National Rifle Association board member and Washington Times columnist Ted Nugent returned to the subject of last month's raid on Gibson Guitar Corporation factories in an appearance on last night's edition of Fox Business' Lou Dobbs Tonight. In that raid, federal agents confiscated wood, hard drives, and guitars on the suspicion that Gibson had illegally imported Indian hardwood
After declaring Dobbs the "quintessential American" and stating that he has both owned and "blown up hundreds" of Gibson guitars, Nugent offered a unique take on law enforcement procedures:
NUGENT: What they did to Gibson Guitars is so illogical, so anti-American, so contrary to the claims of creating jobs, they shut down a globally-revered American craftsman, Gibson Guitars. And you know, Lou, I'm just a guitar player, but let me know how I would have done it if I heard that maybe Gibson had some illegal wood. I wouldn't get an armed raid like I was going after some child rapist or murderers or drug runners, of course, then we'd have to arrest the ATF. What I would do is I would call Gibson and say, "Hey, can I come down and look at your receipts? I hear you got some bad wood." Can you believe the depth of abuse and the outrageous assault on freedom and positive forces in this country?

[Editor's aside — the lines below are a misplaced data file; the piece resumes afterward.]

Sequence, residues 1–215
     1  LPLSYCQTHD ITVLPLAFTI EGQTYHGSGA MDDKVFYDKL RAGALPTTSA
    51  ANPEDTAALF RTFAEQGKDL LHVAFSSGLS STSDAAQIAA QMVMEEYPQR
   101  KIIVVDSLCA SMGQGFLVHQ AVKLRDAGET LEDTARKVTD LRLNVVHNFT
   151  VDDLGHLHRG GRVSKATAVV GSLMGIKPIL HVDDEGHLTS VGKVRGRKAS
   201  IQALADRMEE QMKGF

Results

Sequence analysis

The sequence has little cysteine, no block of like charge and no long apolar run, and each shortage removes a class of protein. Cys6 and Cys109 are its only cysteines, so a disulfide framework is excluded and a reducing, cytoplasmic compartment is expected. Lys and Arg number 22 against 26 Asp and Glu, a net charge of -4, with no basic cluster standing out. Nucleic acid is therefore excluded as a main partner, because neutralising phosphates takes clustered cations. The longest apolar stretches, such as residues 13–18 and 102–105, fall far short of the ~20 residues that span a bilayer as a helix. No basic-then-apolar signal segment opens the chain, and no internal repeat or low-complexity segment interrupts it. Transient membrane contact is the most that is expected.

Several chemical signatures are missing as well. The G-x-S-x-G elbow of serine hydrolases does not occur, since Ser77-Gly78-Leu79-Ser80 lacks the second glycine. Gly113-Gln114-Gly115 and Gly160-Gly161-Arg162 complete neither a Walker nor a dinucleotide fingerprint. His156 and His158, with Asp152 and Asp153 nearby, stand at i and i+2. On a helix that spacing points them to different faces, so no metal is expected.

So if law enforcement believes a company is violating the law, Nugent thinks they should call the company up, tell them they are under investigation, and ask them nicely to provide evidence. Such a policy would, of course, invite those companies to destroy evidence, which is why the U.S. Fish and Wildlife Service agents instead did what law enforcement typically does in the real world -- gather evidence, present it to a judge, and get search warrants for the premises in question. That, in Nugent's mind, makes them "jack-booted thugs."
Of course, Nugent isn't so lenient with everyone. He's also said that "If it was up to me, if you uttered the word 'gun control,' we'd put you in jail," and asserted that "a kid going to a Grateful Dead concert who's caught with sugar-cube-encrusted LSD" should "get caned" and be raped in prison daily by "a huge, unclean black man."